Dispute gets to the heart of how staff should be trained in time of shortgages. Stephen Phillips reports.
A ROW over a leaked copy of a new teacher certification test has revealed a rift between America's education establishment and the White House.
David Imig, head of the body representing US teacher-training institutions, is accused of illicitly obtaining the test. He is said to have shown it to delegates at a recent education conference in a bid to derail a teacher accreditation scheme touted by the Bush administration.
The American Board for Certification of Teacher Excellence, which is charged with administering the so-called Passport test, said the security breach had obliged it to scrap a $1.2 million (pound;719,000) agreement with one test contractor and hire another. So far, Pennsylvania has pledged to recognise the test as a qualification to teach with 12 more states in the pipeline.
Mr Imig, president of the American Association of Colleges for Teacher Education (AACTE), admitted passing on questions from a draft of the test - which is due to be introduced this August - that had already been taken by volunteer teachers, to promote "meaningful debate".
But Mr Imig denied setting out to sabotage the initiative, which will license graduates who do not have education degrees to teach.
"A public licensing test to demonstrate the skill and knowledge of a public servant should be addressed in public documents rather than hidden under security claims," he said in a statement.
But the rift runs deeper than a dispute over protocol.
Mr Imig added: "This test will be used as a substitute for prior practice in the classroom. It will stand in for preparation and for communicating with students of different ages and backgrounds. It will be used to waive requirements for preparation in teaching difficult content and challenging ideas."
Reg Weaver, president of America's largest teachers' union, the National Education Association, has branded the proposal "a sham and demeaning to the profession".
But board president Kathleen Madigan argued that subject-matter training in existing courses was weak. "There is no data to suggest that going to a college of education is better than other training routes," she said.
"They have held the monopoly for the past several years. We want to be an option on the menu."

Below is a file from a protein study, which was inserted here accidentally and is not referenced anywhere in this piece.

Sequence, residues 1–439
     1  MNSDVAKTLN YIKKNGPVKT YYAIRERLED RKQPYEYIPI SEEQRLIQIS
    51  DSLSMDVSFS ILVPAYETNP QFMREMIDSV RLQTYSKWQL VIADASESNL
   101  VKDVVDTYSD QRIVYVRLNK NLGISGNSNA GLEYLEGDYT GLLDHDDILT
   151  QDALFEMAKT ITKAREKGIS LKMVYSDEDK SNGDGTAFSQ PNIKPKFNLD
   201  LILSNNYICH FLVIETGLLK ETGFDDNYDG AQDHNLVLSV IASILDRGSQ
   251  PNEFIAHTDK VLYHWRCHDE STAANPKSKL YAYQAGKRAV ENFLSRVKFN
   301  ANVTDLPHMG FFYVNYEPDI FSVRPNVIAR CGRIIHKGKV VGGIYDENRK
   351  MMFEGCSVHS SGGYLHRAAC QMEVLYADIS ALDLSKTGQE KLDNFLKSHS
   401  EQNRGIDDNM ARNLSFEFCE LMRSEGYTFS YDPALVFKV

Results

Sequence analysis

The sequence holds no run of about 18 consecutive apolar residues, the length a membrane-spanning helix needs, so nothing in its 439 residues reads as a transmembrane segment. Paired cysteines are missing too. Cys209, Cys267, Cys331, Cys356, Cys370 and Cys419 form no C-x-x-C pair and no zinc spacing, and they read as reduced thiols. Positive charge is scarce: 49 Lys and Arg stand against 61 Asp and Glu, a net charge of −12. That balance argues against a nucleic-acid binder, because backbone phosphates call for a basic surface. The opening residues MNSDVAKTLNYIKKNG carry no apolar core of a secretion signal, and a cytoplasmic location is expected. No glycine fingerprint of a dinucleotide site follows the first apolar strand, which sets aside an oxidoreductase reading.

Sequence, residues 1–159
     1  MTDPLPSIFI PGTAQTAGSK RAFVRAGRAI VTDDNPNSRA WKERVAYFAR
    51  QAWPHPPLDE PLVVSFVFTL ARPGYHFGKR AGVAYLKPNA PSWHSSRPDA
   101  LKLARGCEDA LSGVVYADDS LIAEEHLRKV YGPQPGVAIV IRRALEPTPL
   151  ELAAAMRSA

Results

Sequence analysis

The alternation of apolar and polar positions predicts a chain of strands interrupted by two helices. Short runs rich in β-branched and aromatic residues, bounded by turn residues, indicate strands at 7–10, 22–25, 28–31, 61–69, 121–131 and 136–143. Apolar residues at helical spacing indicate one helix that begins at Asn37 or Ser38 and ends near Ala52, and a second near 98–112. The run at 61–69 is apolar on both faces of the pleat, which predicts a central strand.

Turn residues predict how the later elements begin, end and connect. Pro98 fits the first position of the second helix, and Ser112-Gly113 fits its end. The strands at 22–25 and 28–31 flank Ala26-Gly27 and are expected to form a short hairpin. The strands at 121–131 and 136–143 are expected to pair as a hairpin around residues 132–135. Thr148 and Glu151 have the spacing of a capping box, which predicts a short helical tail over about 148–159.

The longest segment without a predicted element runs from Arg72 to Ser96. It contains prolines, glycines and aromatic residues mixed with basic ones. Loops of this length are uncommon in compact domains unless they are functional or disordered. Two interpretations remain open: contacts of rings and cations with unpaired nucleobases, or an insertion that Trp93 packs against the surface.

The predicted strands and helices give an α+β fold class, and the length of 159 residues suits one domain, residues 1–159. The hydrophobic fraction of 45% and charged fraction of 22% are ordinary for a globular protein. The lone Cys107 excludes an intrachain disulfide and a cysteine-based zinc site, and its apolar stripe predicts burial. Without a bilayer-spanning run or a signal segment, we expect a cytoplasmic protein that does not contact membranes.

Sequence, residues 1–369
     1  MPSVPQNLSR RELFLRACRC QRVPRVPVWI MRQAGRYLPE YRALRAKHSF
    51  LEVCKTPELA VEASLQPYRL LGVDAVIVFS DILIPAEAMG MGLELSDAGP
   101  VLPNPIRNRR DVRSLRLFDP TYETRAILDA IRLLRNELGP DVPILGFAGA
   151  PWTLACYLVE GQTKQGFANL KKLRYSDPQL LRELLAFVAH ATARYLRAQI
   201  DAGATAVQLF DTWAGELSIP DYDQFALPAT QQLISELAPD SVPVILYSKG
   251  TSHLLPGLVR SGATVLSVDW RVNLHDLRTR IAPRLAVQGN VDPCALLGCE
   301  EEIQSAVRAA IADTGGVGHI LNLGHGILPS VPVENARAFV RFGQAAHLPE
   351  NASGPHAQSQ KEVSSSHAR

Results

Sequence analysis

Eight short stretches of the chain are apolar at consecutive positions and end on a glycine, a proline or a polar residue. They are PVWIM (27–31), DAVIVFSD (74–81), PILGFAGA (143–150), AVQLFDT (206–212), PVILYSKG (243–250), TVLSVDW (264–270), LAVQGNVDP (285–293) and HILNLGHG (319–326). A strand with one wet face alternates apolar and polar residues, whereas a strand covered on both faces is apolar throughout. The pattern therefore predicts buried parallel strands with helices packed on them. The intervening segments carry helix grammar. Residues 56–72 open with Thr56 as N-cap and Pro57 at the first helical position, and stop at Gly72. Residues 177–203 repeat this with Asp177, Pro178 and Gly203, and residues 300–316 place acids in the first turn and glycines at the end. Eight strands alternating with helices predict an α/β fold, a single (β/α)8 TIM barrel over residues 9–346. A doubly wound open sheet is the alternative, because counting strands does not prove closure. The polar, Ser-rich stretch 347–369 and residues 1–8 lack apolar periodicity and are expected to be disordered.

The board was given a $5m grant from the US education department in 2001 to pioneer fast-track certification and to widen recruitment options for schools short of staff.
The certificate also fits into the Bush administration's stripped-back vision for teacher training. Education secretary Rod Paige has criticised colleges for dwelling too long on instructional methodology.
Ms Madigan said that the tests would feature a beefed-up exam in subject matter, while pedagogy would be handled in another single exam, with an emphasis placed on honing skills on the job.
Carol Smith of the AACTE said that teachers' colleges "share a common worry about getting more people into teaching. But you can't teach content unless you can get seven-year-olds to understand something."
* More than three-quarters of US teachers feel they are "scapegoats for all the problems facing education", according to a new study.
Staff polled by Washington DC think-tank Public Action said they felt put upon by politicians, parents and local education chiefs. President Bush's sweeping reforms emphasise academic accountability and parents' rights to shop around for their children's schooling. Even so, 78 per cent of the 1,345 sample conceded that there were flaws in the system, saying their schools had bad teachers. Most professed openness to some aspects of the reforms, including performance-related pay.
* The US education department has withdrawn its summer reading list for students from its website after spelling mistakes and factual inaccuracies were discovered. The list had also been criticised for being outdated.
A spokesman admitted the "proofreading and clerical errors" and said that staff were now working hard to compile a new list.